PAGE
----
PPG Industries Foundation: Grants for K-12 Education

OVERVIEW: PPG Industries Foundation is the philanthropic arm of PPG Industries, and focuses on education, civic development, arts and culture, and human services by providing grants to national programs and community organizations. When it comes to K-12 education, PPG Industries Foundation primarily focuses on STEM education.

IP TAKE: If you’re not a national-level education initiative, be sure your K-12 education program is centered in a community where PPG Industries has a business presence (the good news: there are many).

PROFILE: PPG Industries Foundation was established in 1951 as the philanthropic arm of PPG Industries, to “demonstrate the values” of the corporation “by enhancing the quality of life in communities where it has a presence.”

That presence is composed of more than 40 communities and cities in 17 states across the country, including a particularly fondness for Pittsburgh, where the corporation is headquartered. The foundation also supports national-level K-12 education initiatives. No matter where your program takes place, you must either be a 501(c)3 or a school/public organization; though the foundation supports many outside-of-school programs, it’s also committed to funding schools directly (public, charter, and private).

STEM education is at the forefront for PPG Industries Foundation, so much so that the foundation declares a specific STEM Support Statement on its website. The thrust of that statement is that the foundation is keen to education students in the arena in which its corporation pursues its industry, and that the foundation seeks to pay particular attention to underserved student populations. Neither of these aspects is revolutionary in the world of corporate support for K-12 education, but it’s always good to be aware.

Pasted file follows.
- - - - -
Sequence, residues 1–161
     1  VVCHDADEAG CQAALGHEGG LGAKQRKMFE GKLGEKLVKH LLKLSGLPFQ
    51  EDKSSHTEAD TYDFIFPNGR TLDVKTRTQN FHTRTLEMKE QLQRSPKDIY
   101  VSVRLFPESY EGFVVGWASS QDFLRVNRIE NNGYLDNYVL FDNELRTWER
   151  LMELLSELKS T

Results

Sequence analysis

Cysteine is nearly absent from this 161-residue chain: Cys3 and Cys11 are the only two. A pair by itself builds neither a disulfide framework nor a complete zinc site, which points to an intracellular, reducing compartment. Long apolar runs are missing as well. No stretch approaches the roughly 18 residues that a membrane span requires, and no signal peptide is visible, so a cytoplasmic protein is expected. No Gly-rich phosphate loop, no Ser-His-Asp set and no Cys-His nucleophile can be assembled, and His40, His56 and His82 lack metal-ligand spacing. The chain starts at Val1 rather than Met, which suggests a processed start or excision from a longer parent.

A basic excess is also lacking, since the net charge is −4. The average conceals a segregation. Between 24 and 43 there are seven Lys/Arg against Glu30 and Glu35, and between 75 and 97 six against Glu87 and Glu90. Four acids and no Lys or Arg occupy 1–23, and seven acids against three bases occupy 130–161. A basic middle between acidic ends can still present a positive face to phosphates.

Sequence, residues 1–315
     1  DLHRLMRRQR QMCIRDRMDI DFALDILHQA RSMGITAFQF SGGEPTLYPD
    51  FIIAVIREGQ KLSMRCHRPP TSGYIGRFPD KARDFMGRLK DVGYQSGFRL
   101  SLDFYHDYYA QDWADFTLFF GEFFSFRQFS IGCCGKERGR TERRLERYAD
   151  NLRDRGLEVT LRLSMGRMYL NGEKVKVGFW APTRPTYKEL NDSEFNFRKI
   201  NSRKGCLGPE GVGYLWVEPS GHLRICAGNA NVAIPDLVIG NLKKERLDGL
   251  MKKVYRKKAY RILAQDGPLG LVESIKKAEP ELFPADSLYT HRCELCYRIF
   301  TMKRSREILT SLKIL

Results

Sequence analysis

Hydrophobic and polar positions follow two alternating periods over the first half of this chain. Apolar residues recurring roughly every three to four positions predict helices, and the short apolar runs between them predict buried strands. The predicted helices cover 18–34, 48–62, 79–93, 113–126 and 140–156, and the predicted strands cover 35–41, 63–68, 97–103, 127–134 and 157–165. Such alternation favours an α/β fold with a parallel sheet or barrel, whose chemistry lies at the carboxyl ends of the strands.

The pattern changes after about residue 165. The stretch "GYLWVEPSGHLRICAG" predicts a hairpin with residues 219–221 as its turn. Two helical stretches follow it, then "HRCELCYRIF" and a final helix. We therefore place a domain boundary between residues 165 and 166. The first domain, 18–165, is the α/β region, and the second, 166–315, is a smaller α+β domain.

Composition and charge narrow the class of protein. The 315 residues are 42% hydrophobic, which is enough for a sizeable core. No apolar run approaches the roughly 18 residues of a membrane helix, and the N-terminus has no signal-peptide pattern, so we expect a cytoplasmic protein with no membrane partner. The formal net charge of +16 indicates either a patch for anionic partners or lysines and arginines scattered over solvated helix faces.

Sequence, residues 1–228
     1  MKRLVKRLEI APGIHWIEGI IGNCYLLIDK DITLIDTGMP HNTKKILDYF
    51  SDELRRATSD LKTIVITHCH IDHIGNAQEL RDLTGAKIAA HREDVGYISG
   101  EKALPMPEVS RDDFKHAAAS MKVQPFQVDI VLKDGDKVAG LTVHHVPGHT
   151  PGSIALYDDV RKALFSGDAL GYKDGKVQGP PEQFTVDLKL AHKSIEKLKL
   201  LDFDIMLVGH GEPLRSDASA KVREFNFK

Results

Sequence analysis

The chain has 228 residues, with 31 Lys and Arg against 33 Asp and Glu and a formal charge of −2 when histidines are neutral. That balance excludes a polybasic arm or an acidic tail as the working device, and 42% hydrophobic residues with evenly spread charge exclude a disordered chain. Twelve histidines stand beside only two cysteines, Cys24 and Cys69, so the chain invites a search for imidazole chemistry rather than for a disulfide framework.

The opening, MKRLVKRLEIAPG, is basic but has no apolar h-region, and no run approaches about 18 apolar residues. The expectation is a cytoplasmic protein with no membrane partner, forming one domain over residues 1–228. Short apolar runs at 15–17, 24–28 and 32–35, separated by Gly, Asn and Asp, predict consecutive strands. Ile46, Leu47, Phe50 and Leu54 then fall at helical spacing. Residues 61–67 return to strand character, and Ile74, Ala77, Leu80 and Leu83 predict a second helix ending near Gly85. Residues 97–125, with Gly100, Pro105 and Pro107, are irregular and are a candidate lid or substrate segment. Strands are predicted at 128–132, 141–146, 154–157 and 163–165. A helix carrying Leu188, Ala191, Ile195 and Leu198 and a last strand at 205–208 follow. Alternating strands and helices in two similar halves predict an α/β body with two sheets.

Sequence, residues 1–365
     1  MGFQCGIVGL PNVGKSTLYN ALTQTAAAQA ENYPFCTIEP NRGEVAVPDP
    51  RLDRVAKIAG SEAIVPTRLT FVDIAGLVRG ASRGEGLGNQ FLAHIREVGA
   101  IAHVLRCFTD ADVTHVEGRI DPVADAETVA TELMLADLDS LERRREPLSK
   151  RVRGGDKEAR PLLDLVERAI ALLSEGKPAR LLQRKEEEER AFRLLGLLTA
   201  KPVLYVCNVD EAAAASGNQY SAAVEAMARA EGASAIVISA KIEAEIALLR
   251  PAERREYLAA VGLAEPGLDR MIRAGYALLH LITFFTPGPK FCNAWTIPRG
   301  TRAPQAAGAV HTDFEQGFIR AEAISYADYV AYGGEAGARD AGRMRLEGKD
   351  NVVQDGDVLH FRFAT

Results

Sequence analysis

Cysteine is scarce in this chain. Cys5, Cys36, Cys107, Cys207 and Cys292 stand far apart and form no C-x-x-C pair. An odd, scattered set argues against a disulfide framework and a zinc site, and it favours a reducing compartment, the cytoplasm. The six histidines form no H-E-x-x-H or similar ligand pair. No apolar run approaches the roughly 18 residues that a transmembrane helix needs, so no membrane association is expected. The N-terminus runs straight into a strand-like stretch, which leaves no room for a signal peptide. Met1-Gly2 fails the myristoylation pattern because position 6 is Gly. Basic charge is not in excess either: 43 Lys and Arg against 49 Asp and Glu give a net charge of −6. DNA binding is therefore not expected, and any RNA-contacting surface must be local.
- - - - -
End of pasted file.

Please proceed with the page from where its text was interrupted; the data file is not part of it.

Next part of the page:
The foundation does differentiate itself by also stating that it supports students who are already on a track of “high academic achievement,” in order to ensure these K-12 achievers become and remain attracted to the study of science. At the K-12 level, the foundation is also interested in programs that “impact on quality of teaching and motivate students to realize their potential.” Its giving also shows a commitment to reading skills and literacy.

PPG Industries Foundation has an open application process. It used to involve contacting community liaisons (or corporate headquarters if you were a national or Pittsburgh-based program). That open application process has recently moved online for all giving, and all grant applications are now assessed by the foundation’s Screening Committee and Board of Directors.

When it comes to selected winning grant applications, PPG Industries Foundation assesses your program’s financial needs, but also looks for you to have other established financial resources. It wants your K-12 education program to have scope and impact, but also seeks to support programs that are uniquely designed and situated to fulfill a need. The foundation also assesses your organization’s “capability and reputation,” so be sure to market yourself in appropriately positive terms.

Recent recipients of K-12 education grants from PPG Industries Foundation include this sampling:

                                                  PPG Industries Foundation also gives to a basketful of Junior Achievement chapters. In 2012, this amounted to $8,150 across seven locations. And although it’s tangentially related to K-12 education, it’s worth noting that the PPG Industries Foundation gives more than $350,000 annually to the National Merit Scholarship Corporation. The News section of PPG Foundation's website shares press releases related to its most recent giving, a good resource for you to keep up to date on the foundation's choices and direction in K-12 education support.

                                                  PPG Industries Foundation reviews online applications on a “regular” basis. If it’s interested, you’ll hear more. Its rejection process is a gentle, passive one; if your proposal doesn’t meet its “strategic interests,” you simply won’t hear back from the foundation.


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